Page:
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Method of centers for minimizing generalized eigenvalues
 Linear Algebra Appl
, 1993
"... We consider the problem of minimizing the largest generalized eigenvalue of a pair of symmetric matrices, each of which depends affinely on the decision variables. Although this problem may appear specialized, it is in fact quite general, and includes for example all linear, quadratic, and linear fr ..."
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Cited by 78 (12 self)
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We consider the problem of minimizing the largest generalized eigenvalue of a pair of symmetric matrices, each of which depends affinely on the decision variables. Although this problem may appear specialized, it is in fact quite general, and includes for example all linear, quadratic, and linear fractional programs. Many problems arising in control theory can be cast in this form. The problem is nondifferentiable but quasiconvex, so methods such as Kelley's cuttingplane algorithm or the ellipsoid algorithm of Shor, Nemirovksy, and Yudin are guaranteed to minimize it. In this paper we describe relevant background material and a simple interior point method that solves such problems more efficiently. The algorithm is a variation on Huard's method of centers, using a selfconcordant barrier for matrix inequalities developed by Nesterov and Nemirovsky. (Nesterov and Nemirovsky have also extended their potential reduction methods to handle the same problem [NN91b].) Since the problem is quasiconvex but not convex, devising a nonheuristic stopping criterion (i.e., one that guarantees a given accuracy) is more difficult than in the convex case. We describe several nonheuristic stopping criteria that are based on the dual of a related convex problem and a new ellipsoidal approximation that is slightly sharper, in some cases, than a more general result due to Nesterov and Nemirovsky. The algorithm is demonstrated on an example: determining the quadratic Lyapunov function that optimizes a decay rate estimate for a differential inclusion.
Global Optimization in Control System Analysis and Design
 CONTROL AND DYNAMIC SYSTEMS: ADVANCES IN THEORY AND APPLICATIONS
, 1992
"... Many problems in control system analysis and design can be posed in a setting where a system with a fixed model structure and nominal parameter values is affected by parameter variations. An example is parametric robustness analysis, where the parameters might represent physical quantities that are ..."
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Cited by 15 (2 self)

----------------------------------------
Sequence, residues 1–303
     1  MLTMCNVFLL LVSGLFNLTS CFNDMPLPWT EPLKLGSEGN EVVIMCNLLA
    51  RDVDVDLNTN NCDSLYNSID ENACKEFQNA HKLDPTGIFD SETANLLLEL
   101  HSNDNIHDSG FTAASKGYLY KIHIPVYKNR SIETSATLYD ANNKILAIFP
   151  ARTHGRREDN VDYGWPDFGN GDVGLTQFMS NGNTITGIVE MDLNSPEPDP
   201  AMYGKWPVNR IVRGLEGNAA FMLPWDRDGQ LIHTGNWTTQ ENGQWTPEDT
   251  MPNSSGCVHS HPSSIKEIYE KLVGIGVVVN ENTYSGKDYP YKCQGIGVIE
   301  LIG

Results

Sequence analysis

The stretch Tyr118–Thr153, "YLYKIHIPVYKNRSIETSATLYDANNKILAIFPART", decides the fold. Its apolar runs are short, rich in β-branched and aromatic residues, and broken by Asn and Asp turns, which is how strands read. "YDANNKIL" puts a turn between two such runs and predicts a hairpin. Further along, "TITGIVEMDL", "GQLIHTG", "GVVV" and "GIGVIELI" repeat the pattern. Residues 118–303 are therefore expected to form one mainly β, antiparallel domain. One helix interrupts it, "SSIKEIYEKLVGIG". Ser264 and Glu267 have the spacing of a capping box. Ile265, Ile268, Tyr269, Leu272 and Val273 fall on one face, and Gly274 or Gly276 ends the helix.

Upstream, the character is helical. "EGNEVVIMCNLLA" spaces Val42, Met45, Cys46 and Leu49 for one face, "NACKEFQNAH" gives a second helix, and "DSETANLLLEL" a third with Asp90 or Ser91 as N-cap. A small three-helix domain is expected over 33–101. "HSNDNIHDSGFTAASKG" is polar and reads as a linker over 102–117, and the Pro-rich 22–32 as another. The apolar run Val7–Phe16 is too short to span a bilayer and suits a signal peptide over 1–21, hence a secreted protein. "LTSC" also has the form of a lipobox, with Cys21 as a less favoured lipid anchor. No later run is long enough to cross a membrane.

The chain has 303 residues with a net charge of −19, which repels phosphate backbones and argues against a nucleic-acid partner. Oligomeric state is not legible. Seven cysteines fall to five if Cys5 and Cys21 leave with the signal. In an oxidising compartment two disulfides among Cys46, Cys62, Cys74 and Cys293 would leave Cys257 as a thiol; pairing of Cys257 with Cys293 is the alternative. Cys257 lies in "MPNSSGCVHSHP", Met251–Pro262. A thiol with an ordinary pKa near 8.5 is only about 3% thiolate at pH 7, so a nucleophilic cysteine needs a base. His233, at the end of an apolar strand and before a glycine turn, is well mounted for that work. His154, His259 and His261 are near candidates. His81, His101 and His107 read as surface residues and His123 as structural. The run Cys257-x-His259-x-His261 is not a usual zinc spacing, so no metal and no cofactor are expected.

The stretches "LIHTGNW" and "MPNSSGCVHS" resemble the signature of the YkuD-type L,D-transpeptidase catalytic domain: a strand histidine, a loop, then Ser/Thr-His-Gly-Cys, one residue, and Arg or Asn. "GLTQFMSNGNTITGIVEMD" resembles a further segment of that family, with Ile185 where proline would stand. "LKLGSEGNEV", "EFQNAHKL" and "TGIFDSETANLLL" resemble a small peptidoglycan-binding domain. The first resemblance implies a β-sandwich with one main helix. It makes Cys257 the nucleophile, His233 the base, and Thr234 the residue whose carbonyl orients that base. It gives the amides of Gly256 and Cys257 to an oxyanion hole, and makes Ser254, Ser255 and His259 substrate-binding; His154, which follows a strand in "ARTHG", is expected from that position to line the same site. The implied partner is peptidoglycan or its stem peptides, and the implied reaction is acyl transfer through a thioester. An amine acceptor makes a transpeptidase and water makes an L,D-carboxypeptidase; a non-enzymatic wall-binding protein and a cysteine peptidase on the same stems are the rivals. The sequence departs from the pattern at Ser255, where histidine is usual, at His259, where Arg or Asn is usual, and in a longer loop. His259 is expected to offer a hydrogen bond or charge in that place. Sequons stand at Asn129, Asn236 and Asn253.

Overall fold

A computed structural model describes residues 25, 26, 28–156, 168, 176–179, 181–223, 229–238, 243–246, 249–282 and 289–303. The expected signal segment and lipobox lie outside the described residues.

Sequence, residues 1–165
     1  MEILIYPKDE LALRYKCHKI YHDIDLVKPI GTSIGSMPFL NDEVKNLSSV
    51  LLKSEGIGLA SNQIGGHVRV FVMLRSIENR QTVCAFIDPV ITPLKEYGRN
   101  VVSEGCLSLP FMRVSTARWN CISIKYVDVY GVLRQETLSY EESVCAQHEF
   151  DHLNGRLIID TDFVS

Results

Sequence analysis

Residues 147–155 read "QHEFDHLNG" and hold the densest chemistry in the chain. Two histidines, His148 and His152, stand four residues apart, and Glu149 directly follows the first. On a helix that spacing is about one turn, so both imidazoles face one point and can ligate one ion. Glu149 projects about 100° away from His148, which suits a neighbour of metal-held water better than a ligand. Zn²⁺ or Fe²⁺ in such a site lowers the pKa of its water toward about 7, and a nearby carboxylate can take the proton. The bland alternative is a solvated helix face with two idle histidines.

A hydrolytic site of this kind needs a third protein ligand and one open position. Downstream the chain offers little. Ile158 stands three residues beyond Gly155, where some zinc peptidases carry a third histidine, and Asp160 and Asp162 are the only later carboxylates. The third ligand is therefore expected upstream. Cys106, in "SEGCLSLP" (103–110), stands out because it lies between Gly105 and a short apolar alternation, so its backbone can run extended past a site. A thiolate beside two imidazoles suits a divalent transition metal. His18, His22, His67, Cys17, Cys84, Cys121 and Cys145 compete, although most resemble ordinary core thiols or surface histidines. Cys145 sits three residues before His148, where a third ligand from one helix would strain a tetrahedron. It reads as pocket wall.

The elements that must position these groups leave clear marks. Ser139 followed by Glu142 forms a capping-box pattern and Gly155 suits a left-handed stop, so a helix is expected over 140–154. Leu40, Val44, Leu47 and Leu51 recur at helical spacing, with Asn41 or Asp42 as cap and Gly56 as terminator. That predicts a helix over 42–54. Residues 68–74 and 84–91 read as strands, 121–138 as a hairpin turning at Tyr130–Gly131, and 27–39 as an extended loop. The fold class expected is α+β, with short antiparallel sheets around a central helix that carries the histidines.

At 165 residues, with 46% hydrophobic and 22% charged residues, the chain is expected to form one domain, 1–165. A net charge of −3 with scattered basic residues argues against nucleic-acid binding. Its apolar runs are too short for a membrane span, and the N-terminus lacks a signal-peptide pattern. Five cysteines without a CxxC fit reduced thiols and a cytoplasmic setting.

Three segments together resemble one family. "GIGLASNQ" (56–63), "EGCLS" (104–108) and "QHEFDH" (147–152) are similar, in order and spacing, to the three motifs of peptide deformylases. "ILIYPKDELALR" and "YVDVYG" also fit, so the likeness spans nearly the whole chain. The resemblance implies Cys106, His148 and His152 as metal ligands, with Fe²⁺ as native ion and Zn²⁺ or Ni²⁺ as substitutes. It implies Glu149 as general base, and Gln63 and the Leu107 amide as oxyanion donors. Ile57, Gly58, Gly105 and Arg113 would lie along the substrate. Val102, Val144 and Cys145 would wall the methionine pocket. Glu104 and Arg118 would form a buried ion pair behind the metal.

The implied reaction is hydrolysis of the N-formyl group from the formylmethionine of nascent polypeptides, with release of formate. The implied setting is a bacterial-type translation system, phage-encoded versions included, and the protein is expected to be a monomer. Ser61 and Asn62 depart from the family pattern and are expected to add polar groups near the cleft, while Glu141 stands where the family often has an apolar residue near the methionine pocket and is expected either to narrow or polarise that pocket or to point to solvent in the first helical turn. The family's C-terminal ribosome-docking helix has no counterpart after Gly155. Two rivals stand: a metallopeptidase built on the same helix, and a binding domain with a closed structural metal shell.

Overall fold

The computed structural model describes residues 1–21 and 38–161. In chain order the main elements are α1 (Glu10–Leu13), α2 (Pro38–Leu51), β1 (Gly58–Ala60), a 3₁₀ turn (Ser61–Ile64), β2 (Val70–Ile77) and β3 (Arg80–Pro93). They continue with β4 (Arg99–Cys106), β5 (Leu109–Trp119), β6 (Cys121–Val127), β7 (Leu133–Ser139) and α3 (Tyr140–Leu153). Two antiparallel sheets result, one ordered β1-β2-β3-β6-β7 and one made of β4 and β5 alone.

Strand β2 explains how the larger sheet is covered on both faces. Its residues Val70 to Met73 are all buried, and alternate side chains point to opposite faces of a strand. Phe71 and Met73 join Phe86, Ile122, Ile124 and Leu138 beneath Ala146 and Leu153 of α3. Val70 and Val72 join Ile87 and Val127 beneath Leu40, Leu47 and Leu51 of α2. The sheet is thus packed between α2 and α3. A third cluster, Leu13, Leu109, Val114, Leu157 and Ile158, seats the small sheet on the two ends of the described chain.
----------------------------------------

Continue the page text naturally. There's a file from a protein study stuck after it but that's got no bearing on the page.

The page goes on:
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Many problems in control system analysis and design can be posed in a setting where a system with a fixed model structure and nominal parameter values is affected by parameter variations. An example is parametric robustness analysis, where the parameters might represent physical quantities that are known only to within a certain accuracy, or vary depending on operating conditions etc. Frequently asked questions here deal with performance issues: "How bad can a certain performance measure of the system be over all possible values of the parameters?" Another example is parametric controller design, where the parameters represent degrees of freedom available to the control system designer. A typical question here would be: "What is the best choice of parameters, one that optimizes a certain design objective?" Many of the questions above may be directly restated as optimization problems: If q denotes the vector of parameters, Q
LIBOR ADDITIVE MODEL CALIBRATION TO SWAPTIONS MARKETS
, 2008
"... In the current paper, we introduce a new calibration methodology for the LIBOR market model driven by LIBOR additive processes based in an inverse problem. This problem can be splitted in the calibration of the continuous and discontinuous part, linking each part of the problem with atthemoney and ..."
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In the current paper, we introduce a new calibration methodology for the LIBOR market model driven by LIBOR additive processes based in an inverse problem. This problem can be splitted in the calibration of the continuous and discontinuous part, linking each part of the problem with atthemoney and in/outofthemoney swaption volatilies. The continuous part is based on a semidefinite programming (convex) problem, with constraints in terms of variability or robustness, and the calibration of the Lévy measure is proposed to calibrate inverting the Fourier Transform.
Decentralized Information Processing in the Theory of Organizations
, 1997
"... Bounded rationality has been an important theme throughout the history of the theory of organizations, because it explains the sharing of information processing tasks and the existence of administrative sta s that coordinate large organizations. This article broadly surveys the theories of organizat ..."
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Bounded rationality has been an important theme throughout the history of the theory of organizations, because it explains the sharing of information processing tasks and the existence of administrative sta s that coordinate large organizations. This article broadly surveys the theories of organizations that model such bounded rationality and decentralized information processing. Author's address: